Why, in your opinion, are the CSS Design Awards important to creatives in the industry?
OH: To me it’s the peer review that adds value. With the CSS Design Awards you genuinely rate the judges — it gives huge weight to the awards. It’s not someone from outside of your field judging design.
I also have a huge admiration for the effort that goes into judging and maintaining the site, and the depth of the view, you can really lose yourself in it. There’s lots of great work to discover.
CG: Yes, for me the wider community aspect as well as the peer review of the rewards.
What inspired the brand narrative “Coral”, our world under the sea?
OH: We wanted to create a narrative that tied in with the proposition and positioning of the CSS Design Awards brand and translate that into a visual concept and a wider digital experience.
Oisín Hurst WONDR
Two aspects stood out to us; firstly the sense of community at the heart of CSS Design Awards, and two, the cyclical journey of inspiration.
It was a metaphor that encompassed thriving creativity and crucially, the idea of community. The notion that we are floating through a vast sea of noise and debris on the internet but when you discover CSS Design Awards you land on a vibrant creative community. It’s our own creative island to be inhabited, much like a thriving coral beneath the sea.
Can you tell us how “Coral” was brought to life?
OH: The coral is a neon island of creativity, floating in a vast digital environment. We created the 3D hero coral by dressing it with neon plant life and lighting it with hues of pink and cyan. We also created a range of secondary corals that included the trophy, crystals and our jellyfish (named Squee).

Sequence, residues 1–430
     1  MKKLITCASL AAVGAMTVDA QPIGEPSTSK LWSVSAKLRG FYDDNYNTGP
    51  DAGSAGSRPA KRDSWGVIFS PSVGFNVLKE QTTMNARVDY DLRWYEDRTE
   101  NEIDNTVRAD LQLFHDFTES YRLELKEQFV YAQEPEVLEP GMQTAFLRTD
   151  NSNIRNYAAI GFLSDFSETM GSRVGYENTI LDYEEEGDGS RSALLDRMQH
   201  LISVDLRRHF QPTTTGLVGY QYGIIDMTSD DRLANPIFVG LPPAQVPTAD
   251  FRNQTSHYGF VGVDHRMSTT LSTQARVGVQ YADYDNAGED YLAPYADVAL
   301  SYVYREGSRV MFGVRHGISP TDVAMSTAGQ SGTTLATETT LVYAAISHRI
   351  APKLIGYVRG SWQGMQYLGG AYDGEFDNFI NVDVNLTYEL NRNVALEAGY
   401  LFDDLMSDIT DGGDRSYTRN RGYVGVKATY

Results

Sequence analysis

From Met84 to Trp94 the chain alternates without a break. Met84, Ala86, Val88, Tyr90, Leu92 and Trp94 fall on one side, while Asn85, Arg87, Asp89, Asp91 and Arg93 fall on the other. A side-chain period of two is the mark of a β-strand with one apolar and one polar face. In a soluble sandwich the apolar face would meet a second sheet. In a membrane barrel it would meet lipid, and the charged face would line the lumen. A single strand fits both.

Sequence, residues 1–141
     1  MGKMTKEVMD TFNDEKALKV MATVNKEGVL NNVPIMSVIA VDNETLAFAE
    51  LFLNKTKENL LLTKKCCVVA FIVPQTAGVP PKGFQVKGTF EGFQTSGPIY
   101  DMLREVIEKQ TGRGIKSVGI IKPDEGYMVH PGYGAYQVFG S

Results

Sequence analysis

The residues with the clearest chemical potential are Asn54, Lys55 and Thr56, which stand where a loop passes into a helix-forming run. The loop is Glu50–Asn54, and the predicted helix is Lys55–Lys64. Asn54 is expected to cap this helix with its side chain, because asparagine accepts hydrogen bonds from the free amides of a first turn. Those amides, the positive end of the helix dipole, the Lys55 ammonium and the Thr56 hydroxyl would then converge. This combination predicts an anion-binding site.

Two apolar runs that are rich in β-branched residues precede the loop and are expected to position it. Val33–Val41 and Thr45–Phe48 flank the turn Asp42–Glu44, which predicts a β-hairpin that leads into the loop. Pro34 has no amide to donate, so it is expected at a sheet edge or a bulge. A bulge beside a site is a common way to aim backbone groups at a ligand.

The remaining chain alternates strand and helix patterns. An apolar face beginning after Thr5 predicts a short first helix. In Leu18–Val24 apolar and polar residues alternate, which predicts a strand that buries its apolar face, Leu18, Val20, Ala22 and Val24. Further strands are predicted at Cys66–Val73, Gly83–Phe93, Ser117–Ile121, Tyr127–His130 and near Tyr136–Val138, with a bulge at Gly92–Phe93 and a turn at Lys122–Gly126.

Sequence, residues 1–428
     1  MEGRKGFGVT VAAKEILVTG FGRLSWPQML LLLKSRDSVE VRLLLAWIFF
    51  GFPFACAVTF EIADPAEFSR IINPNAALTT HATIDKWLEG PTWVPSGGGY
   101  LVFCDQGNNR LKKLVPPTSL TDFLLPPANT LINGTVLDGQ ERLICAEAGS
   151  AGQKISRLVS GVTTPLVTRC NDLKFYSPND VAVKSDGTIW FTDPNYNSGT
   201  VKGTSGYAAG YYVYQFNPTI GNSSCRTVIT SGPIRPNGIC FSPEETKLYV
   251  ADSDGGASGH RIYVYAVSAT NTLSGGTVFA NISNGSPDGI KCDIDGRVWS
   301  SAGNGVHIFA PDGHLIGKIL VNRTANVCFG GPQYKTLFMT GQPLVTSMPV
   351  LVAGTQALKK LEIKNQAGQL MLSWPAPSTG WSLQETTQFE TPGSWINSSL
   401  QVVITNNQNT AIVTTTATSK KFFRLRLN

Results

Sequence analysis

There’s also a little surprise when you reach the footer. When a visitor scrolls down to the base of each page, they break the water’s surface and discover that the entire experience is actually upside-down.
You explored a few themes before you got to “Under The Sea”, what ideas were killed during the process?
OH: We explored a few different avenues.We wanted a world that had enough variety to create a convincing environment. Our initial idea was a typographic route that encompassed a complete alphabet with seven versions of each letter. But in the end, we decided the typographic route was a little too cold and clinical. It felt natural to come back to the coral which was a richer interpretation of community. That notion was core of the brief.
Oisin, typography still features heavily, how did that evolve?
OH: We took some of the typographic learnings from our initial creative research into the final typography for the site. We agonised over getting movement lifelike and in the end we decided it didn’t have to be literal, as long as the underwater feeling was achieved.
That movement is integral to the theme, can you talk us through that, Clément?
CG: I tried to recreate some of the ideas Oisín had around typography by taking 2D assets and making them look 3D to give them depth. We were keen that the letters would move with the mouse to mimic the underwater feeling of floating, in order to match the coral world.